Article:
Such a subjective thing, art; I guess most of us go through life without paying a lot of conscious attention to it although it is everywhere. I was the same once but then my interest got spiked: what’s it all about? Why do people sit for hours looking at a painting? Then, one day, I got it. I was actually in a Van Gogh museum and looking at a bunch of sunflowers in a vase. I thought “it’s a bunch of flowers in a vase”, big deal. But then I started to notice a few things and I realized it was more than just a boring picture, not just an exact replication of a subject, someone had put his heart and soul into it. It’s not something you can define or explain and I guess that is what raises the ‘ordinary’ to a different level. Some art just touches those parts of your being that we are barely aware of. It can be a piece of music, a film sequence or just a plain picture, but then something indefinable happens and it endures, becomes great, famous and often very valuable.
Take the Mona Lisa, a drab-looking lady well covered up in brown, but then you notice the eyes and the smile and you realize something very different has been captured on a piece of canvas although, to be honest I am not a fan. I can, though, appreciate its appeal for some people. Are these pieces of art worth millions? Debatable. A pile of bricks or a smelly old bed in the Tate Modern? Not very debatable, but I suppose it depends on how much you might want to sleep with a pile of bricks in an old smelly bed! Each to their own.
However, I came to admire the work of the wildlife artist, in particular that of Archibald Thornburn, a Victorian painter of birds mainly, some think the best ever and I think they could be right. I spotted an old damaged print in a junk shop one day; it was actually a page from one of those old Victorian books but the exquisite images just caught my eye and I bought it for £10. After investigation I discovered his originals sell for thousands of pounds; alas, my print was worth less than the ten quid I paid for it. Hey ho, I still love it, damage and all. It’s just the quality, it’s unmistakable.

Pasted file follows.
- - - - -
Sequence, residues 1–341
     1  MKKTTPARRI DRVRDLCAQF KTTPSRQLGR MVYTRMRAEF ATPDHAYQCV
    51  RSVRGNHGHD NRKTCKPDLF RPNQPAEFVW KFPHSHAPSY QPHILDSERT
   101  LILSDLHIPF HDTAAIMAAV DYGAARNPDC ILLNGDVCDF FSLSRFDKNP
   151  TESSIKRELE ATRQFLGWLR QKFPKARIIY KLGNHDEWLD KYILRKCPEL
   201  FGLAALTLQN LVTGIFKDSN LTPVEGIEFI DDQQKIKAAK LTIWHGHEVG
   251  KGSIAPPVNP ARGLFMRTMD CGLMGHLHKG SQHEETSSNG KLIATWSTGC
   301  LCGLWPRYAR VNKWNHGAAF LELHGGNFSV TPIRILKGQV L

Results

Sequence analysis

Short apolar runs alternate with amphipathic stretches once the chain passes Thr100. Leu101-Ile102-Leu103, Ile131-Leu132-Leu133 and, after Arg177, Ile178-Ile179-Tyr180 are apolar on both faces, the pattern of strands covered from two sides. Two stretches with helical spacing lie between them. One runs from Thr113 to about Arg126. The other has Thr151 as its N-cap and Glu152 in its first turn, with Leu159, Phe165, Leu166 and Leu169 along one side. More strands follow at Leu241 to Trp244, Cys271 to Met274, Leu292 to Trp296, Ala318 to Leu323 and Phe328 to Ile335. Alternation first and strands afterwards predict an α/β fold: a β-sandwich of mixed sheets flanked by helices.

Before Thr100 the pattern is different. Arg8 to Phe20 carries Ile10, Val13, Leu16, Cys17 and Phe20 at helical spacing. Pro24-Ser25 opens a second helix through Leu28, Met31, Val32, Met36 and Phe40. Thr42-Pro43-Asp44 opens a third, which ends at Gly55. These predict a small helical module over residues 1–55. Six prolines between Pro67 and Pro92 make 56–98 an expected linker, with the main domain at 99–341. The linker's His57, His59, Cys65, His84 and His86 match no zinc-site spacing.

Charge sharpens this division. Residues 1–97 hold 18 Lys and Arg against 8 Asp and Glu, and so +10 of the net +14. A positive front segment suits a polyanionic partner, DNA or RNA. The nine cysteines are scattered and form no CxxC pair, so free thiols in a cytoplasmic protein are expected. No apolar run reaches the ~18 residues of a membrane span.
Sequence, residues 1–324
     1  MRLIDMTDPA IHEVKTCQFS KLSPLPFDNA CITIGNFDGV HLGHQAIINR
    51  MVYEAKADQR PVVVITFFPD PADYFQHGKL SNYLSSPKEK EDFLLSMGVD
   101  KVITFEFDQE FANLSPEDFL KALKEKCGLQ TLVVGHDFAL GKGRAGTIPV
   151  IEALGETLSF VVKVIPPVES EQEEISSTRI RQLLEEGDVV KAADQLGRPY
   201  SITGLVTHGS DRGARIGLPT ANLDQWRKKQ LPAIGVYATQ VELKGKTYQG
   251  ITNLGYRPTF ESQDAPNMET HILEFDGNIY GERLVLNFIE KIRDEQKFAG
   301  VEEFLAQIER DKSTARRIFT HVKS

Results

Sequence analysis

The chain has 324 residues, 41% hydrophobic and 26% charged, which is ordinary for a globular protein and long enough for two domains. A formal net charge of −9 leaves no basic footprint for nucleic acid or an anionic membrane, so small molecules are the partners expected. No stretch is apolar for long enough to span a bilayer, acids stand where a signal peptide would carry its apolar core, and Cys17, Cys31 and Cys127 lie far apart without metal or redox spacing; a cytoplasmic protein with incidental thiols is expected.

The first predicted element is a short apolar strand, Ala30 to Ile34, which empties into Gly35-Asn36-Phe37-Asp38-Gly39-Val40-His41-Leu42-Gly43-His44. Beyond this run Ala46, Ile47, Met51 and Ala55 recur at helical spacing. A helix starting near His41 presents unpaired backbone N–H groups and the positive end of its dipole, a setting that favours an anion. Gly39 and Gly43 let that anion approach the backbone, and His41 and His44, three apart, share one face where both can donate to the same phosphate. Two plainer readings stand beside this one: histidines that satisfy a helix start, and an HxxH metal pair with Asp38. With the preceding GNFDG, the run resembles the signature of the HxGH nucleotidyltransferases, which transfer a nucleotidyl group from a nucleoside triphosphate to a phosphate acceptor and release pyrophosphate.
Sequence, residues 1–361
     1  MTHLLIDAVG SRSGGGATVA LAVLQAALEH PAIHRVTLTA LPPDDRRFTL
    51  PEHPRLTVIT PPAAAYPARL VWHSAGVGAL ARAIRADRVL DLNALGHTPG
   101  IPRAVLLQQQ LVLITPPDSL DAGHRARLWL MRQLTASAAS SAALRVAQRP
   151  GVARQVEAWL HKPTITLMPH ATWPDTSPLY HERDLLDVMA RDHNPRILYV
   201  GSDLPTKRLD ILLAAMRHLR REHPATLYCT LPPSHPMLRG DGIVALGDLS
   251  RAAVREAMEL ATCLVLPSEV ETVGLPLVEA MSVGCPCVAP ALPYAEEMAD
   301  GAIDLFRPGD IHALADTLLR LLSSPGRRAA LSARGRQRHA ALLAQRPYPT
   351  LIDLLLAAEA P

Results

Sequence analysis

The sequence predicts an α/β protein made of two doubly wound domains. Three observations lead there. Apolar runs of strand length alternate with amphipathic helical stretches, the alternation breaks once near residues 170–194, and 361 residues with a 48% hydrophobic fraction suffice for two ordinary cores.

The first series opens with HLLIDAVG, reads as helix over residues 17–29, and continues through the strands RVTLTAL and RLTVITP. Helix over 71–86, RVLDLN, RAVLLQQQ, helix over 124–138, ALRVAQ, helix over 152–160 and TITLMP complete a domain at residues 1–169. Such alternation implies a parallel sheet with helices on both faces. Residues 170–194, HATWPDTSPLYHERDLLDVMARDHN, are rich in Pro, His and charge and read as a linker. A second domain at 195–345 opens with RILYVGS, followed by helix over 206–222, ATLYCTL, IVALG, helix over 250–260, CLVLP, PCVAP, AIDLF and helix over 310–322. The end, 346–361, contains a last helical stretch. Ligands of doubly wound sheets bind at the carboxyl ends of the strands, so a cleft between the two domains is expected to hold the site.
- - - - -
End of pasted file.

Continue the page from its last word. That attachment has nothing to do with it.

So what about angling art? Birds and other fluffy creatures are extremely popular, but fish? Well, apart from perfect depictions for educational books, they don’t get much time. Can anyone name a famous fish artist or a famous painting of a fish? Where’s the fish character in “Wind in the Willows”? Where’s “The Adventures of Tarka the Pike”? I suppose it just doesn’t work, so the poor old fish doesn’t get recognized in popular art – apart from Jaws and Captain Nemo possibly. Here is one little print I acquired
It’s a fabulous little picture, I think, one that conveys all the pleasure of having a nice little catch at the end of the day. It just sings it out,! It’s always the human element behind the picture that makes them work.
So why this article? I recently came across a book by an artist I hadn’t heard of. I was blown away with the pictures and felt some of you might enjoy them too. Why I had never heard of this artist is quite odd because I walked into a tackle shop and showed the owner a couple of the pictures. He immediately identified the artist as Rodger McPhail and the book as “Open Season – An Artists Sporting Year”. After looking up some details of the artist I discovered his paintings sell for thousands. What I love about these pictures is the way they show several aspects of the subject as a montage. Anyway, here are a few pictures from the book; they will do the talking far better than I can although I can only do them scant justice with a mobile phone. I am sorry they are not better quality but I’m hoping the quality of the artist will shine through. I hope this article has been a slight diversion, a slight soothingafter so much in – out controversey. Enjoy some great pictures: